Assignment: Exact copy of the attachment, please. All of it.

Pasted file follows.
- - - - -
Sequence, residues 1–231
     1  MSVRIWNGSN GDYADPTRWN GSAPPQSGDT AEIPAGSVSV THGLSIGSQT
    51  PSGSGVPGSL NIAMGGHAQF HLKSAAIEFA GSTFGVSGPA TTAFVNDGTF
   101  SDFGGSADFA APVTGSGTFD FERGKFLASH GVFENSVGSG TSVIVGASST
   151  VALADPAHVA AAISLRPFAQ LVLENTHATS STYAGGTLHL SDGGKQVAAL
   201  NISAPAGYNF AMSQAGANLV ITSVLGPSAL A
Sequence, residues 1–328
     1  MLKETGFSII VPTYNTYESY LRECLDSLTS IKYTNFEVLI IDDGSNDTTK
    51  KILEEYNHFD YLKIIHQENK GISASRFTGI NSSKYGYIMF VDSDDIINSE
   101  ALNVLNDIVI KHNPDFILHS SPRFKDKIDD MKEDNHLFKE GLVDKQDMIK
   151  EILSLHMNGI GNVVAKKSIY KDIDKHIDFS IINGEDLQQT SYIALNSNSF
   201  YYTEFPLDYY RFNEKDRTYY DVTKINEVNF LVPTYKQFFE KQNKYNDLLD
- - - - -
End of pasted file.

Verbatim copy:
Sequence, residues 1–231
     1  MSVRIWNGSN GDYADPTRWN GSAPPQSGDT AEIPAGSVSV THGLSIGSQT
    51  PSGSGVPGSL NIAMGGHAQF HLKSAAIEFA GSTFGVSGPA TTAFVNDGTF
   101  SDFGGSADFA APVTGSGTFD FERGKFLASH GVFENSVGSG TSVIVGASST
   151  VALADPAHVA AAISLRPFAQ LVLENTHATS STYAGGTLHL SDGGKQVAAL
   201  NISAPAGYNF AMSQAGANLV ITSVLGPSAL A
Sequence, residues 1–328
     1  MLKETGFSII VPTYNTYESY LRECLDSLTS IKYTNFEVLI IDDGSNDTTK
    51  KILEEYNHFD YLKIIHQENK GISASRFTGI NSSKYGYIMF VDSDDIINSE
   101  ALNVLNDIVI KHNPDFILHS SPRFKDKIDD MKEDNHLFKE GLVDKQDMIK
   151  EILSLHMNGI GNVVAKKSIY KDIDKHIDFS IINGEDLQQT SYIALNSNSF
   201  YYTEFPLDYY RFNEKDRTYY DVTKINEVNF LVPTYKQFFE KQNKYNDLLD